Thursday, December 24, 2009

Christmas to bridge national differences and generational divides at Iglesia de Dios Hispana de Nashville

7 p.m. Christmas Eve service, 1500 expected to attend

"To introduce assimilated youth to their ancestry"

The Tennessean reports today on the Christmas celebration of Iglesia de Dios Hispana de Nashville, which is also advertised in the above video.

National and generational divides within the church are designed to be bridged by way of the cultural components of the celebration, according to writer Chris Echegaray:
The different offerings provided insight to the variety in Latin American culture even though the Spanish language unites most of the congregants, [Bishop Jose] Rodriguez said. The food and beverages also provided a way to introduce assimilated youth to their ancestry.

"We have a lot who are born here with Latino ancestry, so we want them to know the customs," Rodriguez said. "It's a way to teach them and for us to learn from each other as well."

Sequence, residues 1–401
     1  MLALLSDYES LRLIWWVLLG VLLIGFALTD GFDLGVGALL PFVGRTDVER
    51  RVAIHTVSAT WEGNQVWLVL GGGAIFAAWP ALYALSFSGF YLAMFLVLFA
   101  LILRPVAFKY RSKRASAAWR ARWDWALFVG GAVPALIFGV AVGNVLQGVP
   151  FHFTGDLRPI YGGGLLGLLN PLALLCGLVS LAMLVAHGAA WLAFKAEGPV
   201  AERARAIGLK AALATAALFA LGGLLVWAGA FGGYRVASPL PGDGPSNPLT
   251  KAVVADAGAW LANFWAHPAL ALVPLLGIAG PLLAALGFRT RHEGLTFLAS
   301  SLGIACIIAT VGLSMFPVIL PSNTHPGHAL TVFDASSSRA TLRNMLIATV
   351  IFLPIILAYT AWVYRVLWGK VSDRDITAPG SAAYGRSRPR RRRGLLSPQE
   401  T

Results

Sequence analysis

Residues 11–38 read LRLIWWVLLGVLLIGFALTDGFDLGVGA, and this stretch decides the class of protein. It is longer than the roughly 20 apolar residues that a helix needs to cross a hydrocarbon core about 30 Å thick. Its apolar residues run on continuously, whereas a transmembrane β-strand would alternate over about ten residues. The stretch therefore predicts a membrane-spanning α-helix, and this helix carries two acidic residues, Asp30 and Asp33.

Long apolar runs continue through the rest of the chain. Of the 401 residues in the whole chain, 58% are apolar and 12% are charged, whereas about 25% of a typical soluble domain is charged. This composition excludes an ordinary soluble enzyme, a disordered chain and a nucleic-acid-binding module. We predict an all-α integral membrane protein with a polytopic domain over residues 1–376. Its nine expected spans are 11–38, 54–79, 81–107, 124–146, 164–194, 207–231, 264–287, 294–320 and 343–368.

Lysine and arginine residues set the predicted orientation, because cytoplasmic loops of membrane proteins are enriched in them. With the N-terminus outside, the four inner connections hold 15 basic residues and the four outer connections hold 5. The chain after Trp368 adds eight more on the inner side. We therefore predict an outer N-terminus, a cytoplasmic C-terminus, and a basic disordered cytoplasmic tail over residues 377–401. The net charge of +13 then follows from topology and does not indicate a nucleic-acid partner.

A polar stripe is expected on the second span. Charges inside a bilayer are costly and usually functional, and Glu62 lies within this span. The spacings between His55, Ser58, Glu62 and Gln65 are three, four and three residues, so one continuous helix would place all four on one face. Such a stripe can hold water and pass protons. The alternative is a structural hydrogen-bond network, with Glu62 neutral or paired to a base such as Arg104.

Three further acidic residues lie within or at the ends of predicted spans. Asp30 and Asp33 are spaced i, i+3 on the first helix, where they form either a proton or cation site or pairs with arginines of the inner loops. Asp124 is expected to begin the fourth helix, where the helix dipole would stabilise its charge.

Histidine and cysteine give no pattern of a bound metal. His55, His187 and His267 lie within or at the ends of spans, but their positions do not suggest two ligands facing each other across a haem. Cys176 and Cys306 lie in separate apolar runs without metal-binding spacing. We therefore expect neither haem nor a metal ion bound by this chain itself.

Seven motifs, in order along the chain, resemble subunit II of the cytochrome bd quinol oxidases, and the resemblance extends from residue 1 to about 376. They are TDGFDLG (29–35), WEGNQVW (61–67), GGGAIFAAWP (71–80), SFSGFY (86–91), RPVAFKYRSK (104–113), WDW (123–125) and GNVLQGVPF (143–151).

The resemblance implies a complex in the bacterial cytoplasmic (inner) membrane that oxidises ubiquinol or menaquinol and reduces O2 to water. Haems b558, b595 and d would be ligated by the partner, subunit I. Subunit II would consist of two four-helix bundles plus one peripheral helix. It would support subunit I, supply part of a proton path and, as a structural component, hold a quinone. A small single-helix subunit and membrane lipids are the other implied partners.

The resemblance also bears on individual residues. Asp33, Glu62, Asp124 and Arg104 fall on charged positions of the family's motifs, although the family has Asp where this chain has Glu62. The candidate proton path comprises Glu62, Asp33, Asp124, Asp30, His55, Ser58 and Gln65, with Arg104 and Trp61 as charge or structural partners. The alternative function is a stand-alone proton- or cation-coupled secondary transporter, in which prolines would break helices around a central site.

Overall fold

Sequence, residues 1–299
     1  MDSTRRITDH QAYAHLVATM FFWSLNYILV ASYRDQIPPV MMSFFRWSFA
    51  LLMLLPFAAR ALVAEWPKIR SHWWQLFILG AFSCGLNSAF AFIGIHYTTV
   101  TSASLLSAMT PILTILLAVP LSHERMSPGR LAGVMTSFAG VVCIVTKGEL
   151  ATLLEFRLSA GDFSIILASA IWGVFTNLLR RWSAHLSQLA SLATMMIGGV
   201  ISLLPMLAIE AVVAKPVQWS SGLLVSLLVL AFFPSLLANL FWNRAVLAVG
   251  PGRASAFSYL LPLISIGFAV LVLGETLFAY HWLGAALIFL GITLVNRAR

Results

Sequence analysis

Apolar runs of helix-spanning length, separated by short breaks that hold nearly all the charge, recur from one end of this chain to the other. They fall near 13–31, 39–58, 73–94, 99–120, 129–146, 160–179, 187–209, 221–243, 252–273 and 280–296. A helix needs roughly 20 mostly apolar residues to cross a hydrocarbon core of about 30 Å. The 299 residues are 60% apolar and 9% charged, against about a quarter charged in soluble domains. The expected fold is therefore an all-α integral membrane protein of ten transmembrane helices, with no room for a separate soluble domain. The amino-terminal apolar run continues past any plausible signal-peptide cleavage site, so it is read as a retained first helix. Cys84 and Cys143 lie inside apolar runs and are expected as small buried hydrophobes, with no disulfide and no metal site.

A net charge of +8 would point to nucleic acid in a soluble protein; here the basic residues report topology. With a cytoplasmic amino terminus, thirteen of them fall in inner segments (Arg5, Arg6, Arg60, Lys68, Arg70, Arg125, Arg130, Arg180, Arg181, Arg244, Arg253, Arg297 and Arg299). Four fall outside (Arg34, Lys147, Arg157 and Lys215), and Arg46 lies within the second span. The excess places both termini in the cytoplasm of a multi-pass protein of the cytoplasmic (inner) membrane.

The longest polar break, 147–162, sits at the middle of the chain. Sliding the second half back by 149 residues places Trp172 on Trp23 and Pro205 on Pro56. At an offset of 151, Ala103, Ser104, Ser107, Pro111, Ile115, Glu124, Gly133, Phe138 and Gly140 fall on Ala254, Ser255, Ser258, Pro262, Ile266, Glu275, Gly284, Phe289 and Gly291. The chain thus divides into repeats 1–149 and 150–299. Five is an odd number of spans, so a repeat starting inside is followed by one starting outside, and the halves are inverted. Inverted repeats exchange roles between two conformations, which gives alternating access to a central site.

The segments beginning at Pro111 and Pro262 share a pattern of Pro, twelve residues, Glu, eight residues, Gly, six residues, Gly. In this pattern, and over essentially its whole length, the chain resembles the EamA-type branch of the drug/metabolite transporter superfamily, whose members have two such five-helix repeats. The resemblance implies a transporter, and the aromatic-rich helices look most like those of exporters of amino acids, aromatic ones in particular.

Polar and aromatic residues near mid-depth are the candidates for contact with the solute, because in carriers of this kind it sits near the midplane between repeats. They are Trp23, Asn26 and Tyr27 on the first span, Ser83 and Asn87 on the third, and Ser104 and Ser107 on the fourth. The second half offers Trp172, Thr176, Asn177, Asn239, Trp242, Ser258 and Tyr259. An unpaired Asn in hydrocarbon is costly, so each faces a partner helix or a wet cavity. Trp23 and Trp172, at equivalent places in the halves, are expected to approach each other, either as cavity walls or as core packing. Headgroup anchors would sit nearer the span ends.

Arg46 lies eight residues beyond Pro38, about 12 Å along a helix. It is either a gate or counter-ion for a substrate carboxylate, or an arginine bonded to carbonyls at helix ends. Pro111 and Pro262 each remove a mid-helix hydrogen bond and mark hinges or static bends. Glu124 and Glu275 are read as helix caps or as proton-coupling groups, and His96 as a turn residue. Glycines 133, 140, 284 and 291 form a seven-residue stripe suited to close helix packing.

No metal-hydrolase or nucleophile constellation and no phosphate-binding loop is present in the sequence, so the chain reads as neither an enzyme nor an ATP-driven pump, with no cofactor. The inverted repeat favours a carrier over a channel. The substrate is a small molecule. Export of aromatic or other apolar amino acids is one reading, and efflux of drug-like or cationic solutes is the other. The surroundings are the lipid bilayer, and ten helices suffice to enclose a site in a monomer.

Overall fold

This Hispanic Christian generational gap is a fairly universal phenomenon in immigrant churches. My family experienced it at a Spanish-speaking Southern Baptist congregation we attended for two years in Nashville, with the elders fretting about the deteriorating Spanish language skills of the youth group, and David Park has live-blogged the statistic that "up to 95% of post high-school churchgoers leave the ethnic church." Bridget Rivera's piece on her Southern and Latina identities is also insightful.

This is not a new phenomenon - I've mentioned before the the German Christian generational gap in 1870's Nashville:
By 1870 most of the Germans in the city belonged to the second generation. ... These younger Germans were much less concerned with maintaining European ties and traditions than their parents were. ... [T]hey had grown up in Tennessee and many of them had a distinctly Southern point of view.
Other highlights from today's story about Iglesia de Dios Hispana de Nashville:
  • 7 p.m. Christmas Eve service
  • Marks a 15-year tradition at the church
  • Food and drink from all over Latin America
  • 1,500 people expected to attend
  • Posters and murals created just for the event
  • Food baskets and 1,000 toys to be distributed
  • Church plans move to 25-acre site in 2011
People mentioned:
  • Jose Rodriguez, Bishop
  • Wendy Bustamante, from El Salvador, talking about learning about Venezuelan food
  • Mireya Quezada, missionary director
Read the story in its entirety here.

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